Google Analytics (GA) has become an essential tool for many SEOs. Here Mark Nunney introduces some basics of using GA for SEO.
I’m going to assume you have a Google Analytics account. If not, follow the instructions here and come back when you’ve set one up.
Back already? Let’s go …
Find out where all your visits come from.
On the left-hand menu, click ‘Traffic Sources’ then ‘All Traffic Sources’ (highlighted below).
All traffic sources are listed.
Visits and response
Visits are (for the most part) eyeballs looking at your site.
Response is those eyeballs’ owners doing what you want which might be buying something, subscribing to a newsletter, downloading a PDF, clicking on an ad or even just hanging around for more than one page.
It’s your site so you decide what response is. And configure your response into your Google Analytics (GA) account where it will be called a Goal.
If your site sells stuff then use e-commerce tracking.
If your site runs AdSense ads then measure AdSense response.
Did you see those tabs in the report above? Here they are again:
Click those tabs to see details about response from different visitor sources:
If you have not configured Goals, Ecommerce or AdSense then use Bounce Rate.
Bounce Rate is the % of users that left your site after seeing just one page. That means they probably didn’t find what they wanted.
Referring Sites is all visits from known ‘sites’ that aren’t search engines (except some search engine traffic manages to sneak on there but ignore that). It’s not the same as all referrers.
To see your Referring Sites report, click Traffic Sources then Referring Sites.
Referring sites are linking to your site. Can you get more and better links from them?
See the example list of referring sites below. Using AdSense as the chosen Response, you’ll see that some sites’ referred visitors respond more than others. Can you build partnerships with those sites that respond the best?
SEOs hang out at their Keywords Report a lot.
To see your Keywords Report, click Traffic Sources then Keywords.
Use the Keywords Report to see which keywords were searched with to find and visit your site.
The image below shows a Keywords Report sorted by the number of Visits each keyword brings. That ‘s the number of visits made to this site by people searching with the shown keyword.
So 49,254 visits were made via searches with management theories.
SEO is interested in ‘non-paid’ (aka ‘organic’) keywords (see the red highlight above).
(You’ll find ‘paid’ (PPC or pay per click) keywords if you click ‘paid’.)
For your goals, unlike the lazy fool who owns this GA account, make sure you configure all your Goals to have monetary Values. Do this when setting Goals up and the results will show in the Per Visit Goal Value column (see purple highlight above).
Use the ‘Keyword Filter’ (see orange highlight above) to see results for searches with keywords containing your ‘own brand’s’ keywords (I’ll say ‘brand’).
For Wordtracker, these are keywords containing wordtracker. Note how I’ve entered this in the image on the left.
The ‘|’ is a logical separator that means ‘OR’. G will deliver results that contain ‘wordtrack’ OR ‘word track’.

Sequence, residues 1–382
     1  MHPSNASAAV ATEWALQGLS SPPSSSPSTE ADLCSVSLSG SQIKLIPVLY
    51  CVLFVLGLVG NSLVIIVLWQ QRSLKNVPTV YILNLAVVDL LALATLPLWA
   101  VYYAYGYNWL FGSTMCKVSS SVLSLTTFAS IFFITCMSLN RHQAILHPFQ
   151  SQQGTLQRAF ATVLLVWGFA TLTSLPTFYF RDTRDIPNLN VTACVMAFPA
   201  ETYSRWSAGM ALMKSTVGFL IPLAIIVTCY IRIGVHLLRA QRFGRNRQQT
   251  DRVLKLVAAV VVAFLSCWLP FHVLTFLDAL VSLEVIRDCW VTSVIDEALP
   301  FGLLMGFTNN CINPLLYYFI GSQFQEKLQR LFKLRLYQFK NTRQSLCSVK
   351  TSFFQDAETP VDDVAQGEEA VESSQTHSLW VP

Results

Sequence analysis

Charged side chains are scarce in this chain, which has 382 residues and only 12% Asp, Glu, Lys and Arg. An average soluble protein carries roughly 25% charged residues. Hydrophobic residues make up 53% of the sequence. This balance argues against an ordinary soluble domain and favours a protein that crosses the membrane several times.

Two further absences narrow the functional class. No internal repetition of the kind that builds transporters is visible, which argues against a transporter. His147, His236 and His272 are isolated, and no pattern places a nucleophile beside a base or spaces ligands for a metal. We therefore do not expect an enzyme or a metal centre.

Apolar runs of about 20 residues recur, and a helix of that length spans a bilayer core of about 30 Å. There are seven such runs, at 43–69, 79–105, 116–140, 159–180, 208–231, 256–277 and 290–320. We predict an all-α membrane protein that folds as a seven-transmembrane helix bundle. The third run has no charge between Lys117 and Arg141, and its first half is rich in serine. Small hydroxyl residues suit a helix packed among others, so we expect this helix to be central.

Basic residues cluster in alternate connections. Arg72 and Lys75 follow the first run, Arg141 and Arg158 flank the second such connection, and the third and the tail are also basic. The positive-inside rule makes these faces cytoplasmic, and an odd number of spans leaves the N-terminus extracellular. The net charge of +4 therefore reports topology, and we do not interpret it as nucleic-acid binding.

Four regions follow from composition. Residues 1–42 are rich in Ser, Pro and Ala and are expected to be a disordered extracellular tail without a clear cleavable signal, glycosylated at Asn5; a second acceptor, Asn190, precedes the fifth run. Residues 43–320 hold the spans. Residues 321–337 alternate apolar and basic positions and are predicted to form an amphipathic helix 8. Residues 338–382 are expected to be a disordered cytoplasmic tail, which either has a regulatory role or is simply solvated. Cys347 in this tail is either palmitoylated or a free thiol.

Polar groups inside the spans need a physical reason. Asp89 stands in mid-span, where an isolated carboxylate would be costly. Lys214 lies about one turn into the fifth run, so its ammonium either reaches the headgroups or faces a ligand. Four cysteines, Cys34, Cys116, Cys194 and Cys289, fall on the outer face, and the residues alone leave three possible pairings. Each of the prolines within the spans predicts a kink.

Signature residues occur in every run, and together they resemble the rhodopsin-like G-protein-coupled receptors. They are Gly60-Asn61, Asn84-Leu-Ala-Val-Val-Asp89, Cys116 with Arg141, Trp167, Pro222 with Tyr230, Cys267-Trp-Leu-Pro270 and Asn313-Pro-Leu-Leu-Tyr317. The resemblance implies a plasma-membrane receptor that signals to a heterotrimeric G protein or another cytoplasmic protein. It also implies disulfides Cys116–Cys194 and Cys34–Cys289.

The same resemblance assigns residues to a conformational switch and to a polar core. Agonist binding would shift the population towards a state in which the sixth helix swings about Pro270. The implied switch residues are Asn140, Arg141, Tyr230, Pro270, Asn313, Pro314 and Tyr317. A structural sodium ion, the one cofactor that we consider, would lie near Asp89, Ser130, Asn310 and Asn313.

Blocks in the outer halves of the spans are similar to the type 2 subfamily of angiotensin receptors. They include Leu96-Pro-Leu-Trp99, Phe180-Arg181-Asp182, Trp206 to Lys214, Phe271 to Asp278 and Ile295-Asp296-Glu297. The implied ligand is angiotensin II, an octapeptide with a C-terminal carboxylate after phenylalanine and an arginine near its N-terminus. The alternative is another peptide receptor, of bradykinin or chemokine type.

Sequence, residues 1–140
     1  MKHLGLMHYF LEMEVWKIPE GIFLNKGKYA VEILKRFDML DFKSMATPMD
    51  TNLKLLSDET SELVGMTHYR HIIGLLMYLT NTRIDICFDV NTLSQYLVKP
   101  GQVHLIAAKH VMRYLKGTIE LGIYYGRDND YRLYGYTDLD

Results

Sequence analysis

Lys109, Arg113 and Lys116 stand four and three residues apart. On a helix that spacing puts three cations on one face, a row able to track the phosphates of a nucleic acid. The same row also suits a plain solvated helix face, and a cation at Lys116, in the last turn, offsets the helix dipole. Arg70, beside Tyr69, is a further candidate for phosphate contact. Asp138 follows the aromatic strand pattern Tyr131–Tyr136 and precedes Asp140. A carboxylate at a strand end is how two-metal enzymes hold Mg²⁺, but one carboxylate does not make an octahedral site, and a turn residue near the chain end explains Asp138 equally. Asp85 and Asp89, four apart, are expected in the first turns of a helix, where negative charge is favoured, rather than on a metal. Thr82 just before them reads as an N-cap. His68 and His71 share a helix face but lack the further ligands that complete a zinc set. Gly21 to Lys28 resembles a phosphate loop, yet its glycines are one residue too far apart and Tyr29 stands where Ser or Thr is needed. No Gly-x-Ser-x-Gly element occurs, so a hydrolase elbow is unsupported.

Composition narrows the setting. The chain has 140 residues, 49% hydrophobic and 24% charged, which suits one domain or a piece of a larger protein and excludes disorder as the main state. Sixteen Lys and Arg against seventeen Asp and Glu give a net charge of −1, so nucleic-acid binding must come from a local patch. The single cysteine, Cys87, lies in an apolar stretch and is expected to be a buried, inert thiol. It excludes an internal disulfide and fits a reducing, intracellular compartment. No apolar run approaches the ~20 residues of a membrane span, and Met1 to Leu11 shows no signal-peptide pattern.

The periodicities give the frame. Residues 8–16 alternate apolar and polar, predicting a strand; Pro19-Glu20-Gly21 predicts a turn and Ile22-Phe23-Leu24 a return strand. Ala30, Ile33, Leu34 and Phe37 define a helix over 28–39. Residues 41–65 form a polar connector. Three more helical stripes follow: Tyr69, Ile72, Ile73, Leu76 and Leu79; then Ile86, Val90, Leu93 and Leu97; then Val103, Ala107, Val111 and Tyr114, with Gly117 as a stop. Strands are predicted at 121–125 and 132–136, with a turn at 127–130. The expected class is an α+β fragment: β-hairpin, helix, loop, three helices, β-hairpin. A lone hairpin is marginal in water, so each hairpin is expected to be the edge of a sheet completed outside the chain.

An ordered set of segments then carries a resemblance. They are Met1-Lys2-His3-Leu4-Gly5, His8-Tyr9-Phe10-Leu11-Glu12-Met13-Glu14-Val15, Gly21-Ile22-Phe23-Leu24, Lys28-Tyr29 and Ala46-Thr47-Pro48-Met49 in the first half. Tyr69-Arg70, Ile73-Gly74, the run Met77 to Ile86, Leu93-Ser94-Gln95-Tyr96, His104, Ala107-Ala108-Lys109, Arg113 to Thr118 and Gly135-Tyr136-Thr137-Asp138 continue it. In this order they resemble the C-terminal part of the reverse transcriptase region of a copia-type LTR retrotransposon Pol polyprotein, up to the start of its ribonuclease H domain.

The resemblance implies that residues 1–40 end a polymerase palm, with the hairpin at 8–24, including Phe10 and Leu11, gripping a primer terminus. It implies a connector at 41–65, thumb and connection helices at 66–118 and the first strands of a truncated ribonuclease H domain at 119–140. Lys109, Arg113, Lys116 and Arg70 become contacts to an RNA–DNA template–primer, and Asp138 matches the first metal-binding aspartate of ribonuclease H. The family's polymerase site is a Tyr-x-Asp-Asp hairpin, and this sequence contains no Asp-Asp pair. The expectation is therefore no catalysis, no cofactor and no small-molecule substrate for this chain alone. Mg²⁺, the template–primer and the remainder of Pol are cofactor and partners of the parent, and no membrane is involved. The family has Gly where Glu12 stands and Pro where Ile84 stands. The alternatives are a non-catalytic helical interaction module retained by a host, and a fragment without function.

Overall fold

It’s usually quite easy to get to the top of search engine results pages (SERPs) for your brand keywords.
Non-brand keywords are where the SEO action is …
Non-brand keywords are those that do not contain your brand.
Choose ‘excluding’ on the Keyword Filter drop down to filter out brand keywords and so see reports for non-brand keywords.
Beyond single keywords to the money (keyword niches)
On the Keywords Report above you’ll see it shows results for just 10 different single keywords. These are the 10 that brought the most visits.
But our example report also shows us that visitors came using a staggering 688,981 different keywords!. Can I write WTF here? Let’s look at that again …
Specifically targeting over half a million different keywords is not possible. What’s an SEO to do?
Easy: target groups of keywords that we call keyword niches. A keyword niche is all keywords containing a single seed keyword. Eg, all keywords containing business development
You can use the Keyword Filter again to see results for different keyword niches (see above).
In our example we find that 3,607 different keywords containing business development brought 43,277 visits:
You can enter different seed keywords into the filter to find out which keyword niches deliver the best response.
In this way you can find your site’s most responsive keyword niches. Then optimize your pages for keyword niches rather than single keywords. This is how it’s possible to optimize a page for over 10,000 keywords.
That’s fine and a proven SEO technique but it takes a long time to find the response rates for different keyword niches. And to compare them you need to export the data to a spreadsheet.
Invest where you’ll get the best return
All this information and these graphs serve a simple purpose – to help you find the right keyword niches to invest your time and resources into.
You will find the keyword niches that your site delivers the best response for and know their potential for more response. Then target those keyword niches for more visits and response.
Read more about how and why this Really really really easy SEO works.
About Mark Nunney
Mark Nunney has been a successful professional SEO since 2000. He is CEO of The Website Marketing Company and he publishes Leadership & Management Review from ThinkingManagers.com, the business management website.
Mark wrote SEO for Profit, Wordtracker Masterclass: Keyword Research book and co-wrote Wordtracker Masterclass: Link Building with Ken McGaffin. He is also the founder and project manager of Wordtracker Strategizer.